1. Various portions of this paper had been presented at the following conferences: Society for Music Theory/"Musical Intersections" megaconference, Toronto (November, 2000), "Music Analysis and Popular Music" conference, University of Cardiff, Wales (November, 2001), and the Florida State University Forum (March 2002).

2. I have elsewhere had to discuss the approaches of other writers who hold the entire rock literature to be "monolithic," altogether the product of an unvarying application of harmonic principles; see Everett 2000, 303. Most investigations into the harmony of rock treat every chordal root as of equal value, set aside inverted chords as "rare" and thereafter ignore them, rely upon discredited concepts such as "retrogression," and leave unconsidered the ramifications of voice leading upon chord identity, function, embellishment and harmonic expansion. I will here cite Stephenson 2002 as perhaps the most developed of all such studies, for all its good points in other domains. It is my belief that a Schenkerian understanding of tonal relationships allows for a clearer hearing of the variations among rock's tonal approaches than what has been afforded by methods thus far appearing in other analyses.

3. I am grateful to the National Endowment for the Humanities for a Fellowship that allowed me a year of released time to pursue the study referred to above, undertaken in order to write a book on rock music for the general public. Any views, findings, conclusions, or recommendations expressed in this publication do not necessarily reflect those of the National Endowment for the Humanities.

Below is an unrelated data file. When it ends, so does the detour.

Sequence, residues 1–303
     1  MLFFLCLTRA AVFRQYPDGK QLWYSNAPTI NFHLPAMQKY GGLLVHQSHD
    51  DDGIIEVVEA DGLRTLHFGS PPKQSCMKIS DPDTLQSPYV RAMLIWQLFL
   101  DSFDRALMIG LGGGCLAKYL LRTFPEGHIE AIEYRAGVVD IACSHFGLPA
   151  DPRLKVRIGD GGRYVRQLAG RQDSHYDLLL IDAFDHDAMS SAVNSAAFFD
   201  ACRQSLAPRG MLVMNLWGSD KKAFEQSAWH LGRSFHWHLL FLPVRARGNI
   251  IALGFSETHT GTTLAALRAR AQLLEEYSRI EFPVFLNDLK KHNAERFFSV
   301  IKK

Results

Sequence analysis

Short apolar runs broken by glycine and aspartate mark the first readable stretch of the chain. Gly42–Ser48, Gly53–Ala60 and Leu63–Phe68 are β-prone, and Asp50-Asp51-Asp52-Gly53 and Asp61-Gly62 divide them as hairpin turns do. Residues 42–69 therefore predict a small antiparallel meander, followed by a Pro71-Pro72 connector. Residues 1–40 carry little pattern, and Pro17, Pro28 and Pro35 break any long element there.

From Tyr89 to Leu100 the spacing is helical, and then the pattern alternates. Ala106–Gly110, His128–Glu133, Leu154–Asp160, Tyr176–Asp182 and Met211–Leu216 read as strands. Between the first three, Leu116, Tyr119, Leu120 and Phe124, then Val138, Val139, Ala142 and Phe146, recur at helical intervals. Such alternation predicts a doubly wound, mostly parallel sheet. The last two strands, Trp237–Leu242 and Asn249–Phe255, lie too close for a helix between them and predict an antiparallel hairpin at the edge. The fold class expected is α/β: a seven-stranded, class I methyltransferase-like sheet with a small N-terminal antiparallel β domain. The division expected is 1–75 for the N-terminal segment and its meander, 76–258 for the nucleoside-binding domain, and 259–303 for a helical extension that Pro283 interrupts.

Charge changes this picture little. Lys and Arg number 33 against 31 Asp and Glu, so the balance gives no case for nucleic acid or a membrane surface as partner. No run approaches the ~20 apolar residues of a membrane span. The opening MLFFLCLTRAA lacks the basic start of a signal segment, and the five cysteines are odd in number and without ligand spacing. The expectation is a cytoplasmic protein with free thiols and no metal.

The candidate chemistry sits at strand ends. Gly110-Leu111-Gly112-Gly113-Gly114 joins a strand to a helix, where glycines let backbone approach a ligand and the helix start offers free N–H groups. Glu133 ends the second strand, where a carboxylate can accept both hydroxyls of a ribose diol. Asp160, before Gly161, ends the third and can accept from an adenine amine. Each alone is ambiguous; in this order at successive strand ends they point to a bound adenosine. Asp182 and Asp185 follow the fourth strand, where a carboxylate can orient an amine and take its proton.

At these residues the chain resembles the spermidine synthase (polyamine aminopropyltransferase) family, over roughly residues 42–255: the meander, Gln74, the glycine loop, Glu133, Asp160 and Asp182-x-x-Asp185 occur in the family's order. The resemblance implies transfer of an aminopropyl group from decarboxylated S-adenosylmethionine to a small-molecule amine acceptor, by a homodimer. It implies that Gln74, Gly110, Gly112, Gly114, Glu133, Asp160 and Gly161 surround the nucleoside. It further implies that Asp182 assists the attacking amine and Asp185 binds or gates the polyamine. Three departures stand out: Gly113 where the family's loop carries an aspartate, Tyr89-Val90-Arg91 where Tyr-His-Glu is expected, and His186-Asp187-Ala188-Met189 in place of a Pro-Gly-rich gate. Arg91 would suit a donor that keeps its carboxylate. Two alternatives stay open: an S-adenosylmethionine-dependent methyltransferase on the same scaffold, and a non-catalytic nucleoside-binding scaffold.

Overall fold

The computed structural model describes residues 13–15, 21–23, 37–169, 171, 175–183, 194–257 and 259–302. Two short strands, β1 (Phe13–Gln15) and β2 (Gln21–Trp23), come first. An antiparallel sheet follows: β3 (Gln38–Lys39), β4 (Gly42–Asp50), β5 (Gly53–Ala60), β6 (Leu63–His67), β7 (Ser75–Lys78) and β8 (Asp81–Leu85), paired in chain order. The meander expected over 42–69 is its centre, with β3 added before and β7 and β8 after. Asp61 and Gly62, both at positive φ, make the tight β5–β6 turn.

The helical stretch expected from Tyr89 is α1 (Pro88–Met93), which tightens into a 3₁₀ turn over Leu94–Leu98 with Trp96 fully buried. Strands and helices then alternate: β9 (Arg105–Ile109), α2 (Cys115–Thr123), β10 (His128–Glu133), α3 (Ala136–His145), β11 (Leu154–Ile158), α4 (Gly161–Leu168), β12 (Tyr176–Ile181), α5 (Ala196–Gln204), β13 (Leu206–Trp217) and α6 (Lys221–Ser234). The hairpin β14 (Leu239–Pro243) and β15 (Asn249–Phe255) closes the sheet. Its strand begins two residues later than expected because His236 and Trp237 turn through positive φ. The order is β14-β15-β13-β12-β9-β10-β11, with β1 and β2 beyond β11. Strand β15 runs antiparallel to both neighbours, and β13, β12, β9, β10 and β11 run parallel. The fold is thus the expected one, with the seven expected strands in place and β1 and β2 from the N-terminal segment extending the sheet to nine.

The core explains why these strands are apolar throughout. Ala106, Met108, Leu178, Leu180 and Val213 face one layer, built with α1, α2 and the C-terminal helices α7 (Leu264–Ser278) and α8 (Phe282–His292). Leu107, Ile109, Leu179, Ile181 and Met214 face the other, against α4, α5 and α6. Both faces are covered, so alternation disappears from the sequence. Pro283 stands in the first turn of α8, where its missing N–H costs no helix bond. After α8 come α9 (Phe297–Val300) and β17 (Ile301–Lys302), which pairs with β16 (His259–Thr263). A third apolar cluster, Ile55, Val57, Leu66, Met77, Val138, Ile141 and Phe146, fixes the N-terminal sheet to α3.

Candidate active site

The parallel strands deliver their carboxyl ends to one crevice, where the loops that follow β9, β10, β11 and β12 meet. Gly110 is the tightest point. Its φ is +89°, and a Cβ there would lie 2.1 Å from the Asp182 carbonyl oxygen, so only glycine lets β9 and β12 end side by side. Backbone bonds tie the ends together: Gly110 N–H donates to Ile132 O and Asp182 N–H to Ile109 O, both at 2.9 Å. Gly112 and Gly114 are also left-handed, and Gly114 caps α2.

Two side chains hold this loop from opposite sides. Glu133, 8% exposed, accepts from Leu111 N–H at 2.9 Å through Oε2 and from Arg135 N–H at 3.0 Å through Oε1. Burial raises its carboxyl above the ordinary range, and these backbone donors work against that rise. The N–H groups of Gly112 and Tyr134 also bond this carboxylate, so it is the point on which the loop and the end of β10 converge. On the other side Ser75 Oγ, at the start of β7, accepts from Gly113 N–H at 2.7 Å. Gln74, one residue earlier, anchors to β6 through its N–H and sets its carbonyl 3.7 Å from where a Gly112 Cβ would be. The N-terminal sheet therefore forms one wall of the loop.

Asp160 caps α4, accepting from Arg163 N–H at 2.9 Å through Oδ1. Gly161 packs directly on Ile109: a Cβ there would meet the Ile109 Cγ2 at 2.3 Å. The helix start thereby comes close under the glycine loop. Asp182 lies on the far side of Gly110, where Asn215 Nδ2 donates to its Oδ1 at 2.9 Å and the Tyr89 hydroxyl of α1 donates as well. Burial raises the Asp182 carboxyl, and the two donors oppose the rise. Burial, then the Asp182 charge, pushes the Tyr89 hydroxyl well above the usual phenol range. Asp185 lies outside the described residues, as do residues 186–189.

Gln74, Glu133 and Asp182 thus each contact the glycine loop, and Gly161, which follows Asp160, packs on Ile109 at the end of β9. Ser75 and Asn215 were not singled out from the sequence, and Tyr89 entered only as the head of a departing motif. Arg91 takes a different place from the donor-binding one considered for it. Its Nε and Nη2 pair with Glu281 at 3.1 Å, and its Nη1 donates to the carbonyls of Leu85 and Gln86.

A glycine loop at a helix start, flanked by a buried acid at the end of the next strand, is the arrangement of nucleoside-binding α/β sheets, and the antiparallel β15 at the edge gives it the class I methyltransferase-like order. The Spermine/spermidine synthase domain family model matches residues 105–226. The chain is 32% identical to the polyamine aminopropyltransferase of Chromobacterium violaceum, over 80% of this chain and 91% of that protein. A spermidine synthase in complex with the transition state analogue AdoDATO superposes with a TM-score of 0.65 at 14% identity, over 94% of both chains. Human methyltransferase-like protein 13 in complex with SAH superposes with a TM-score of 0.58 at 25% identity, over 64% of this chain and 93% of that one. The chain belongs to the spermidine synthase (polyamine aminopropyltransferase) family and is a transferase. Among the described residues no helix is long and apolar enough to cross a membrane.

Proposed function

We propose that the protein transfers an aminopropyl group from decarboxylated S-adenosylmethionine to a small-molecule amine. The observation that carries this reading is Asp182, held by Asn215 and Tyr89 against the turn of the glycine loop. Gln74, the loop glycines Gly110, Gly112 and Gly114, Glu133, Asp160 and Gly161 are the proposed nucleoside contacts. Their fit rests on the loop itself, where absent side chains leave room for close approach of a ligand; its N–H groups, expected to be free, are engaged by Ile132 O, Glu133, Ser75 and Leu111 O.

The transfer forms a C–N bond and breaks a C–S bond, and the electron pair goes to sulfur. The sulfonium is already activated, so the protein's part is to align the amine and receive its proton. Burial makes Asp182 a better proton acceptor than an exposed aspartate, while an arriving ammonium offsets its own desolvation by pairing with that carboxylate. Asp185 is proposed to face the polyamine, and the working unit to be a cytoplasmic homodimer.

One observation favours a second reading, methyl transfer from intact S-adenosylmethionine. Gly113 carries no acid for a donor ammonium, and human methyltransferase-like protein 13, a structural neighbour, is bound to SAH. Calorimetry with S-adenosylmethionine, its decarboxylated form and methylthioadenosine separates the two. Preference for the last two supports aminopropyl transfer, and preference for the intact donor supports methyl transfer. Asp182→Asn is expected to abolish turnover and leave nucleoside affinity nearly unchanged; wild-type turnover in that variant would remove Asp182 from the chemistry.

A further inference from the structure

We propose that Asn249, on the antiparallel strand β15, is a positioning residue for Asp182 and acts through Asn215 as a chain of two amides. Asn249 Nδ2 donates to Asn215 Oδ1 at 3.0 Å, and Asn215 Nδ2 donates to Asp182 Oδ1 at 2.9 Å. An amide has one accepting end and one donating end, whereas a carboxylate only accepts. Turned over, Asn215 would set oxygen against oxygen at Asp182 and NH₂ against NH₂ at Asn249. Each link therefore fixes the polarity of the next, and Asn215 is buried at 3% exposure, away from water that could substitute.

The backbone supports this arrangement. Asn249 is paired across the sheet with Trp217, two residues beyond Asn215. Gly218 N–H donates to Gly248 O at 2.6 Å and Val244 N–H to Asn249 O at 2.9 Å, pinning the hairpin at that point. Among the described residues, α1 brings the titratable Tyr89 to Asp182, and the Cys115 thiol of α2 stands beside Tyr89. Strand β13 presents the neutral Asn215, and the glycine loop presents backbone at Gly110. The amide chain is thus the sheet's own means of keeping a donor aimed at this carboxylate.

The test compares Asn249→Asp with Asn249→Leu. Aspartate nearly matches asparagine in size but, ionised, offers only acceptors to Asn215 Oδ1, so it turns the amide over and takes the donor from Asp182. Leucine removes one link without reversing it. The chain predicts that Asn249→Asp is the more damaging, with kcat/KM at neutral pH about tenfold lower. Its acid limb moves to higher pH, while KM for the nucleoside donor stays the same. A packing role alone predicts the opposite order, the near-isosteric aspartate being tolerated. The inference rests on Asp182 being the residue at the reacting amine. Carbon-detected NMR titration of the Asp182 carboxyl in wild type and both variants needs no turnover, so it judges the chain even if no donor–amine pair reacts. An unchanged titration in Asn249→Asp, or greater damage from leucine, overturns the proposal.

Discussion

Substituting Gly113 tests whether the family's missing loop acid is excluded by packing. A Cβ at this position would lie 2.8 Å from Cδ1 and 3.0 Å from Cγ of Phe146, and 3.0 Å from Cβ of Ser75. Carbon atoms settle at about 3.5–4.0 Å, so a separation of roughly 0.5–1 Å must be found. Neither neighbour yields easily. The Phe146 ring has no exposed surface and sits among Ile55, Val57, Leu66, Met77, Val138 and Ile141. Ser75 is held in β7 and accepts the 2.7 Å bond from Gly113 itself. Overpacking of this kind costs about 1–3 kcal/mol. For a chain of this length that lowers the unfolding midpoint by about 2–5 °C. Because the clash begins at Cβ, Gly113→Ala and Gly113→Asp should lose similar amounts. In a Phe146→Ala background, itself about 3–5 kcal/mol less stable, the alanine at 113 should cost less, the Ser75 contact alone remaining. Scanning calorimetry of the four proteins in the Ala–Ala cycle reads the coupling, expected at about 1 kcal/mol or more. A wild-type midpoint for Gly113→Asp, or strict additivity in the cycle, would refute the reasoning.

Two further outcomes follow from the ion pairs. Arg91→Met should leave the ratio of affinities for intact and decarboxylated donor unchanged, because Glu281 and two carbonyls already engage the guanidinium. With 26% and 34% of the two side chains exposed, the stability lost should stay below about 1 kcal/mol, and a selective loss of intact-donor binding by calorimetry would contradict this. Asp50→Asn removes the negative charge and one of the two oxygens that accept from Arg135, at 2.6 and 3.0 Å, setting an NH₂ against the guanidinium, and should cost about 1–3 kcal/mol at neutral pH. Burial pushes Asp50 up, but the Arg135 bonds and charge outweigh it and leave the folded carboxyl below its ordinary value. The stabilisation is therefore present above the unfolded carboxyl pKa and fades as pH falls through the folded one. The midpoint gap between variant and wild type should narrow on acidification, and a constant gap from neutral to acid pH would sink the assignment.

4. It has been argued that "every early rock 'n' roll song is based on the twelve-bar blues form" (Hamm 1979, 396), but this leaves unconsidered a largely diatonic 16- and 32-bar doo-wop tradition just as important to very early rock and roll. And while the likes of Buddy Holly and the Everly Brothers did not achieve national prominence until a year after did Elvis Presley, the centrally diatonic nature of their south(west)ern and Appalachian folk-country styles was just as characteristic of Presley's repertoire as was the blues. Another of the earliest r&b/rock groups, The Platters, owes more by far to Jerome Kern ("Smoke Gets in Your Eyes") and to the major/minor tonal traits of Tin-Pan Alley than to the blues.

5. The Brahms vs. Howlin' Wolf characterization is made in Everett 2000, 303. The graph of "She's Always a Woman" is from my unpublished paper, "Musical Expression at Deep Structural Levels in Learned and Vernacular Vocal Repertoires," presented to the March 1993 joint meeting of the Society for Music Analysis and the Royal Musical Association, Southampton.

6. Middleton 1990, 193, is probably the most prominent and influential accusation in the rock-analytic world that Schenkerian analysis "ignores" rhythmic (as well as motivic) features. He cites Narmour 1977 as his source of understanding.

7. The Beatles analyses appear in Everett 2001, 226-29 and 322-23, respectively.

8. The "Julia" graph first appeared in Everett 1986, 383, the "Long and Winding Road" sketch in Everett 1999, 228. The statement as to "Strawberry Fields Forever" is from Everett 1986, 372.